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Is Done Better Than Perfect?

A common saying in the creative world is "done is better than perfect." This technique is widely used for a lot of creatives to get outside of their own heads. Why take an extra hour on something when it is good enough? Why not call it a day and move on to something else? I personally believe this is one of the best mantras a new creative can adapt.

The application of this process is to focus on reps, not perfection. It is a learning application, and you should learn the basics fast. The best way to get better is to do something over, and over, and over, and over...But does this ever become a problem? Is adopting and religiously following quantity over quality going to be a detriment to your progression? For the most part, no I don't think it will be a detriment. I speak for myself, and the vast majority of artists, that I am a perfectionist. For me, if it is not perfect, then why would I ever display it? Everyone is going to see the obvious mistake of my mask in photoshop. They are clearly going to see my unfeathered edges on a brush stroke while retouching someone's face in LightRoom. And I have learned I am the only who is going to notice such minute details. I mean, I am the one who has been staring at this image for hours, so it is obvious.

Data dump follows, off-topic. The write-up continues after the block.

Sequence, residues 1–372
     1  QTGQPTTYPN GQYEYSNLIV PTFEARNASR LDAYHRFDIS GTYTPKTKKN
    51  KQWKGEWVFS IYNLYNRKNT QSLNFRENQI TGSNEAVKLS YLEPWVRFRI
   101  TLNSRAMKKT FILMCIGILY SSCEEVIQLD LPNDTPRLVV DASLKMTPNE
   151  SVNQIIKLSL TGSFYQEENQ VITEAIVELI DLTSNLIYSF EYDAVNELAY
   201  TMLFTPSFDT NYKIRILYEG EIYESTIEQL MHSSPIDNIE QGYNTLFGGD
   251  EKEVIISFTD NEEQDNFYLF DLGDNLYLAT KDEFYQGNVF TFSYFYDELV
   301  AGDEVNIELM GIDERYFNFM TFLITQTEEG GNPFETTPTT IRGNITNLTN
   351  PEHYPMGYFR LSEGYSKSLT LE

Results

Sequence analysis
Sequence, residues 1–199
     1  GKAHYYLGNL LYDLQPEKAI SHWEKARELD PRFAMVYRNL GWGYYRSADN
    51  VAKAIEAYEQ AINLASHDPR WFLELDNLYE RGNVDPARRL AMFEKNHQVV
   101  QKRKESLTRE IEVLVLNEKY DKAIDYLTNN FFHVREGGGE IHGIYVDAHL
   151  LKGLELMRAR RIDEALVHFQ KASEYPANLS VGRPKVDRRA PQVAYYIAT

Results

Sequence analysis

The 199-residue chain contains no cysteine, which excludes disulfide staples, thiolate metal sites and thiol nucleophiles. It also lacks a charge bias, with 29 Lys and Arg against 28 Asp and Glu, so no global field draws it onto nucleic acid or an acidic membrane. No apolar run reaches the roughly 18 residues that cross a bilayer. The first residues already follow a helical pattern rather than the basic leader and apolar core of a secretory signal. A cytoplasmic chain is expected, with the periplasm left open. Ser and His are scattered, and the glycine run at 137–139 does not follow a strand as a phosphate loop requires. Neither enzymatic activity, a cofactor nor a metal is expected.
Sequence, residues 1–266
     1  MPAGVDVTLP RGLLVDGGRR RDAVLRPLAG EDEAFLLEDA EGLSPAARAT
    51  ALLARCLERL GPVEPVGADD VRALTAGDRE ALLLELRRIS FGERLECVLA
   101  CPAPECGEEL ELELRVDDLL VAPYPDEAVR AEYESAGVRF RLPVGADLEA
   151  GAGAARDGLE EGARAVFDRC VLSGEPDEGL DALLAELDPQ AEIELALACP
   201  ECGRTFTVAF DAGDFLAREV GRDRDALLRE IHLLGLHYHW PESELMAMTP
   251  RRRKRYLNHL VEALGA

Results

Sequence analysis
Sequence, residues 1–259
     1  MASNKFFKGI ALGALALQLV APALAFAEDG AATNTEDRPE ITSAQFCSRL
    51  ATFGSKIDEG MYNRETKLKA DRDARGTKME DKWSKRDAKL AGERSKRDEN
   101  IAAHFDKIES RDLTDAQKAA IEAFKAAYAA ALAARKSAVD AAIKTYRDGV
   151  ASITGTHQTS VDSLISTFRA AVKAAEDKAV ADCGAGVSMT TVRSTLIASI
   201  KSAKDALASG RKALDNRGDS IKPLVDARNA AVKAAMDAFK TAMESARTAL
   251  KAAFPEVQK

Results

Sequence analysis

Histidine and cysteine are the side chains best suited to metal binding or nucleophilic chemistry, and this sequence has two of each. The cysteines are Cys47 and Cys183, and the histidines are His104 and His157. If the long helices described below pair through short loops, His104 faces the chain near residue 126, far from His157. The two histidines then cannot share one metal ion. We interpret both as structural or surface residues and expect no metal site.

But we cannot allow ourselves to not ascend to a higher echelon. We must quickly learn conventional rules and techniques, and then we must be able to continuously refine our skills. Diversely, some would say perfect is perfect. And in that case, yes it is. But I believe your done is better than perfect will ultimately raise your standard of done. Your reps at "done" will significantly increase your quality. But we shouldn't stop there. We should also utilize imperfection to transcend our work.

A lot of photographers develop a style of imperfection. Their photos turn into what they can make you feel versus what is defined as a "good" photo. One photographer in particular who does this exceptionally well is Nan Goldin. Her series "The Ballad of Sexual Dependency" evokes emotion with each shot in her exhibition that last 43 minutes. Some shots are out of focus, one or two people are blurry, but these images work. They work because at the end of the day it isn't about what a photograph can look like, it matters how it makes you feel.

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